The world’s first full-scale zero-carbon steel plant will require a whopping €500m ($588m) of public money to go ahead, Recharge has learned.
ArcelorMittal, the planet’s largest steel producer, announced last week that, after signing a memorandum of understanding with the Spanish government, it will oversee a €1bn investment to build a green-hydrogen-powered direct reduced iron plant at its existing facility in Sestao on the outskirts of Bilbao, as well as a new electric arc furnace.
Powering this redesigned plant with renewable energy would mean the Sestao plant would produce 1.6 million tonnes of zero carbon steel by 2025.
“Given the significant cost associated with the transition, in terms of both capex and opex, it is ArcelorMittal’s expectation [that public] support will cover at least half of the additional cost to enable its operations to remain competitive as it accelerates its decarbonisation program,” ArcelorMittal said in a statement.
A spokesman for ArcelorMittal confirmed to Recharge that this means €500m of public funding will have to come from the Spanish or Basque governments or possibly the EU — raising questions as to whether handing over so much cash to a conglomerate worth about $30bn represents a good use of taxpayer money.
It also highlights the scale of the challenge needed to decarbonise heavy industry.
The steel sector has traditionally used coke — a form of coal — as both a heat source and a method of removing unwanted oxygen from iron ore (iron oxides) in a process known as reduction. Consequently, the steel industry is said to produce 8% of the world’s annual carbon emissions.
Clean hydrogen has long been proposed as a method for replacing coke, as it can provide both the high-temperature heat needed and remove oxygen in a way that purely electric solutions cannot. (Electric arc furnaces are used to melt scrap steel, not to process iron ore).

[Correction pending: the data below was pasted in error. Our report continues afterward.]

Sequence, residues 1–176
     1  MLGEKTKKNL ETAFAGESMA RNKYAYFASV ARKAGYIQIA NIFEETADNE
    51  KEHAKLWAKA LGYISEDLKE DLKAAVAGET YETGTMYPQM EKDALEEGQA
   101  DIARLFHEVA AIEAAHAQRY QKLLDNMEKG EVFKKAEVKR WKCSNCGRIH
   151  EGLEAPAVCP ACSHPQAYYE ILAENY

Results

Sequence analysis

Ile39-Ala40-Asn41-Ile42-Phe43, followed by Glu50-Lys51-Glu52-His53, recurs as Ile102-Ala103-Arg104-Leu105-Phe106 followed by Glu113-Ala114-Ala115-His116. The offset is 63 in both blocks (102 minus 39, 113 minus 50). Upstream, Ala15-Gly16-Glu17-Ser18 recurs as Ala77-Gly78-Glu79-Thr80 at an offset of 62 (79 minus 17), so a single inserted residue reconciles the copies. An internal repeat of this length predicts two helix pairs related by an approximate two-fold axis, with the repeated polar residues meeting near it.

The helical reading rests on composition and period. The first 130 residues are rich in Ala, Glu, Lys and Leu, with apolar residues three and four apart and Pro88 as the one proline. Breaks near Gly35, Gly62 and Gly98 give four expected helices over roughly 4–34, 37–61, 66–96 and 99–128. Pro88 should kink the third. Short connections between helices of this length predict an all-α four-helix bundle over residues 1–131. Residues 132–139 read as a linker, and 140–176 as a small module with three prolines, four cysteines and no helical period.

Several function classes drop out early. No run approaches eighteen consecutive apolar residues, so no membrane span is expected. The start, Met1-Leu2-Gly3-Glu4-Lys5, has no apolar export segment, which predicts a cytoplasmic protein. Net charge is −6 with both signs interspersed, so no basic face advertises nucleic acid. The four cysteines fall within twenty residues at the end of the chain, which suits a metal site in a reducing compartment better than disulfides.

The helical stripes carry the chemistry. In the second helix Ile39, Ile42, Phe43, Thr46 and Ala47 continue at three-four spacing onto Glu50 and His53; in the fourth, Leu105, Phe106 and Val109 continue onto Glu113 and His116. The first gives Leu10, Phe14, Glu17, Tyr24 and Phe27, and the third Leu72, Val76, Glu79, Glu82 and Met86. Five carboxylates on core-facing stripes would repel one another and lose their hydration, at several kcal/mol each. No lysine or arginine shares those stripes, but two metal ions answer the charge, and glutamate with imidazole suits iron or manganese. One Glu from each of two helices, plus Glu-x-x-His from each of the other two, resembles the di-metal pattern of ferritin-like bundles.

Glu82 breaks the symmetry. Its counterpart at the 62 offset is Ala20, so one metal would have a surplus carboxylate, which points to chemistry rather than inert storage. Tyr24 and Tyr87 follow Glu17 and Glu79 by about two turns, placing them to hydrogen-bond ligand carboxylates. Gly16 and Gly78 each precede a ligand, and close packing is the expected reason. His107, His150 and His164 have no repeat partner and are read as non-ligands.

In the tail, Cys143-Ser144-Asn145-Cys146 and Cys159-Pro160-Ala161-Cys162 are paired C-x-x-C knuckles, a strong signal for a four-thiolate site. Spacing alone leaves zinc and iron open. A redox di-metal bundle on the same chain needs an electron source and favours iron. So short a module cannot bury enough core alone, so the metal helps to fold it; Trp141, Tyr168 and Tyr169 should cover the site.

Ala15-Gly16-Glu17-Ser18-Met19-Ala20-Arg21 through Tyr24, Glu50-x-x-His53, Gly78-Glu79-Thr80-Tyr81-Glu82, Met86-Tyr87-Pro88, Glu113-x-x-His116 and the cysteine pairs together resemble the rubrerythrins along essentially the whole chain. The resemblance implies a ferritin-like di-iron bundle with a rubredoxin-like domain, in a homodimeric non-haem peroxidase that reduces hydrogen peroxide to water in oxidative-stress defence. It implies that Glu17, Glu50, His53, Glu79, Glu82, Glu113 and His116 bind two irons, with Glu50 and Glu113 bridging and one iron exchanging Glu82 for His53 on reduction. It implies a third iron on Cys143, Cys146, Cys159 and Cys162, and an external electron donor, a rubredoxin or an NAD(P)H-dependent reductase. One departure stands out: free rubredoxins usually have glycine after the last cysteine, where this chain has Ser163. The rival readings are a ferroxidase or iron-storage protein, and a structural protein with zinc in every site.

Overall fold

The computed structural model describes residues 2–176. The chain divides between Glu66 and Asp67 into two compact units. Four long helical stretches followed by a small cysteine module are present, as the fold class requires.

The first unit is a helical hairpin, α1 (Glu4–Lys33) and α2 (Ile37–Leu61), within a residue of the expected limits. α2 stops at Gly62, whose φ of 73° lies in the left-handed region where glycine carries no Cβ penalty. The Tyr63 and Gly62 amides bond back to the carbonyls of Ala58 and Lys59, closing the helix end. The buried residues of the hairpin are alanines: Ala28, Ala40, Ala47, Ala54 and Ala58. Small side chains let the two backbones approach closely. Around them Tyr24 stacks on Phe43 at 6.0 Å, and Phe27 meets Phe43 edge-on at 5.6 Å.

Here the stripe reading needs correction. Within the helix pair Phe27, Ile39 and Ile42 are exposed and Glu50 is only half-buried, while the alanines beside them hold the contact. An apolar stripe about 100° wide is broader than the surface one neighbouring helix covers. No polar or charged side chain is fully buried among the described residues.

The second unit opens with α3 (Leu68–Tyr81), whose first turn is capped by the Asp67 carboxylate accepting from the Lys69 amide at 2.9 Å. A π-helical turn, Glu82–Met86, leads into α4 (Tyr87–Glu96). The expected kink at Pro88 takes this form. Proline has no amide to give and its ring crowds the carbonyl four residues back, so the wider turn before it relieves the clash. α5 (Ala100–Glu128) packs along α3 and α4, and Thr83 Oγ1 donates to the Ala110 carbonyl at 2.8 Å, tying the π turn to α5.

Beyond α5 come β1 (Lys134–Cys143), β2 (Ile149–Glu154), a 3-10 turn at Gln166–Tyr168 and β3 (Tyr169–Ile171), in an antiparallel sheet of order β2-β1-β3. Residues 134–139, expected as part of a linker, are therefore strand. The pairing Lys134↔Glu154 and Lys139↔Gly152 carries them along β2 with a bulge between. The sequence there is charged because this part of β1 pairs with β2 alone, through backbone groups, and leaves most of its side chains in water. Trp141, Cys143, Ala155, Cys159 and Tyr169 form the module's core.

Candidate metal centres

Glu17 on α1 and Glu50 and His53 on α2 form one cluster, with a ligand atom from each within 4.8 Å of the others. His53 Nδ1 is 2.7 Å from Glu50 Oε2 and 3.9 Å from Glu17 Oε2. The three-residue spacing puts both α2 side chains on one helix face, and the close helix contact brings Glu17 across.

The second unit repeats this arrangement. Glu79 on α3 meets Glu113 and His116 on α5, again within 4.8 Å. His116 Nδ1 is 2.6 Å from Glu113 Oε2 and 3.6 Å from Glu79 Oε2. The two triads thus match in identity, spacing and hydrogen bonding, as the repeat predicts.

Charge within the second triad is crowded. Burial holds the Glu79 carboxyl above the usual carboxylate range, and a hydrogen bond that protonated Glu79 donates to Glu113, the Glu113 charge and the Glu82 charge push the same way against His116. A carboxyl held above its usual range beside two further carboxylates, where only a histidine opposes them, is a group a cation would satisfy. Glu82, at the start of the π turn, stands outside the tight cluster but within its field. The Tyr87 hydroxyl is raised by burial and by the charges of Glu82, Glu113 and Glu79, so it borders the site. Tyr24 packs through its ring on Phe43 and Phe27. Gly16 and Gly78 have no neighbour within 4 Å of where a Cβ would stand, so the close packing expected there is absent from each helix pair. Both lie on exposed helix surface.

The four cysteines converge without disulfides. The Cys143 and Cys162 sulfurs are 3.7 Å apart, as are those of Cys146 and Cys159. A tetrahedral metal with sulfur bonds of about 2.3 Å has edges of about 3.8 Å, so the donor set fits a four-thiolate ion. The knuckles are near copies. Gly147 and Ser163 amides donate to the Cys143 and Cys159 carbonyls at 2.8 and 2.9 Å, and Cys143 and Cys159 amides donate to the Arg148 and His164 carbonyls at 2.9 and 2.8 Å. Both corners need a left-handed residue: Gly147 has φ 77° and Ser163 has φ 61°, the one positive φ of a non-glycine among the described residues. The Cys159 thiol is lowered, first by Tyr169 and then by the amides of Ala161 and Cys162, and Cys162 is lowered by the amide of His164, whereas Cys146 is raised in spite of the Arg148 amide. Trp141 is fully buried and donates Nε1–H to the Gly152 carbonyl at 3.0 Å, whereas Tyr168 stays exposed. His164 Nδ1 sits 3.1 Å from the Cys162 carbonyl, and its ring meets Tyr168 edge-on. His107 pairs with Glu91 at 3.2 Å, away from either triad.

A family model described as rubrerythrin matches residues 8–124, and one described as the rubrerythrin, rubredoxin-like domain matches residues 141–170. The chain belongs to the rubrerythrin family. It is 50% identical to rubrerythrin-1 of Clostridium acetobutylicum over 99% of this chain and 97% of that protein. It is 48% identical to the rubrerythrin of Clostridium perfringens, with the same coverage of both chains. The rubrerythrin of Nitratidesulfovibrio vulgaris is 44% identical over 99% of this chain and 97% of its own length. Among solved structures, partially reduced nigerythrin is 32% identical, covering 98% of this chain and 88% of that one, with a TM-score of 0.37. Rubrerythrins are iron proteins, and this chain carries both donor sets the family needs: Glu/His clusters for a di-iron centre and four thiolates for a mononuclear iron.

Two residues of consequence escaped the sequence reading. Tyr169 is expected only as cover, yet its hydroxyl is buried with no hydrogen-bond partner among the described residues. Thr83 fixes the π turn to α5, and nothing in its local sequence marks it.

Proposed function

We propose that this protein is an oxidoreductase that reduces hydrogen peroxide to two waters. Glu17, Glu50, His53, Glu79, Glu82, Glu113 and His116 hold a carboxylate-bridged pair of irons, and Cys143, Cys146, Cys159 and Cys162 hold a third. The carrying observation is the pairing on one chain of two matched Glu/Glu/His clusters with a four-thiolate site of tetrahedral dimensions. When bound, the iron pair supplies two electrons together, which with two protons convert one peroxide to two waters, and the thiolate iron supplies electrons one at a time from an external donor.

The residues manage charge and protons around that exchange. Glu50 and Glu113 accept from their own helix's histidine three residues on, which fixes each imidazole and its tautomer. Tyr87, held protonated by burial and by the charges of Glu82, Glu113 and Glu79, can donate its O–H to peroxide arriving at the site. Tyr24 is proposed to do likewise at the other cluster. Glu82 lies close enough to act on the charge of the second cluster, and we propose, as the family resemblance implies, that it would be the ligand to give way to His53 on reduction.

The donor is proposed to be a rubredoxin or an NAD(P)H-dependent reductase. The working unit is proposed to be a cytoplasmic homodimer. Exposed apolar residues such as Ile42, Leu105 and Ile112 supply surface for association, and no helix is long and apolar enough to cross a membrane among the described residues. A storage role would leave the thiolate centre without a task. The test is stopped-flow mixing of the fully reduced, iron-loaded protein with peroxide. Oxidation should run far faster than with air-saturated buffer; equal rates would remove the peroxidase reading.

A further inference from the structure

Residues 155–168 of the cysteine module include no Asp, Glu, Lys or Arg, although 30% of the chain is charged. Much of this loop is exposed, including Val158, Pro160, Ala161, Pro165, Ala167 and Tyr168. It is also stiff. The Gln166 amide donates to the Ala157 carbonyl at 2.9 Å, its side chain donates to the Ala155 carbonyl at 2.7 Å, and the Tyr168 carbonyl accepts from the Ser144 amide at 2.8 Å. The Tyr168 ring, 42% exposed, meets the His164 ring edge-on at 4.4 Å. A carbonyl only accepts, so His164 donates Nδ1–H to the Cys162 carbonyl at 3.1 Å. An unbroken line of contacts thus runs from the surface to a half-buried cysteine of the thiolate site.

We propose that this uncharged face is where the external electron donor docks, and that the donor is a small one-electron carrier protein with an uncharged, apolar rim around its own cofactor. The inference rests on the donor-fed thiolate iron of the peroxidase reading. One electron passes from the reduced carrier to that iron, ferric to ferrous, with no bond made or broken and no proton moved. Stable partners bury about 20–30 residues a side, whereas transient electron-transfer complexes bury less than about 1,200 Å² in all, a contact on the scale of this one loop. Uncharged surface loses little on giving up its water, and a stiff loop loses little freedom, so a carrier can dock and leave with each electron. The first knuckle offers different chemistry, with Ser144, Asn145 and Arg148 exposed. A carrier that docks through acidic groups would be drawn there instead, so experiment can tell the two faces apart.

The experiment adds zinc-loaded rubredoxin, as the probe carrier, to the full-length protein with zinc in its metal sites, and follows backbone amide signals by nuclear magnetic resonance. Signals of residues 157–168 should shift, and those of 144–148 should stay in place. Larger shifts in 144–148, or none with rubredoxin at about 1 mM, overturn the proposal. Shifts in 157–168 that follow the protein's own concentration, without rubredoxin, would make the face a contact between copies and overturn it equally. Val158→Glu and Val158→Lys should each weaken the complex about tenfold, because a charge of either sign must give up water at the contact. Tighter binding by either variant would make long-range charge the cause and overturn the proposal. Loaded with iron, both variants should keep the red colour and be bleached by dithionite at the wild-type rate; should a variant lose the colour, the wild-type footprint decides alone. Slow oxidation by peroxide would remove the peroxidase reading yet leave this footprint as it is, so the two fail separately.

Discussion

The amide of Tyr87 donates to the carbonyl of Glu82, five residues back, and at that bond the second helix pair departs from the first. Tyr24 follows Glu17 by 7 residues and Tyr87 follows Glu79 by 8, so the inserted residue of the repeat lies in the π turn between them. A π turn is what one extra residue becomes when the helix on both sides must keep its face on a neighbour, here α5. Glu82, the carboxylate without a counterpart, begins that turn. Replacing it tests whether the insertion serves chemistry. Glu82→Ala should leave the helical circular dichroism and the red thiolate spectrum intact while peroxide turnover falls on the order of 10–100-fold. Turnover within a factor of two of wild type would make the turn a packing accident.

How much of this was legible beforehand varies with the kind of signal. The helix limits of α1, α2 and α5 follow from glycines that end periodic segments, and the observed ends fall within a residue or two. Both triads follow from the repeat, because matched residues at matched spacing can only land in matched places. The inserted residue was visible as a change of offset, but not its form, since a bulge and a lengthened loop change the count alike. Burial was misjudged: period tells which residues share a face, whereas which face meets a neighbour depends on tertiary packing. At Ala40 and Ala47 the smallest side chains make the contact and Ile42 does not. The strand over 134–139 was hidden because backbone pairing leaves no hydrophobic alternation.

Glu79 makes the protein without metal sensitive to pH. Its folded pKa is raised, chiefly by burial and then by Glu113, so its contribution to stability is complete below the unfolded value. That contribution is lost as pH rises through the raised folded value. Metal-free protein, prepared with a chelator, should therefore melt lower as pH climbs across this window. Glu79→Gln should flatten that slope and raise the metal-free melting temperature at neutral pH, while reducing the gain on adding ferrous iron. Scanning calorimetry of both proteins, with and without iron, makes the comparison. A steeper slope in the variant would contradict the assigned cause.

This raises questions as to whether handing over so much cash to a conglomerate worth about $30bn represents a good use of taxpayer money
The Sestao plant is first “meaningful” use of green hydrogen for direct reduced iron, says ArcelorMittal.
“This is a hugely significant development and demonstrates the strength of innovation embedded in our people, our unparalleled technology leadership, and what can be achieved through investment in existing steelmaking infrastructure,” said chief executive Aditya Mittal. “It means ArcelorMittal will be the first company in the world to be in a position to offer its customers meaningful volumes of zero carbon-emissions steel.
“The ability of the Sestao plant to become the world’s first zero carbon-emissions steel plant would not be possible without the support and partnership of the Spanish government.”
ArcelorMittal also revealed in the small print of a press release: “Should green hydrogen not be available at affordable rates by the end of 2025, natural gas would be used to power the DRI furnace.”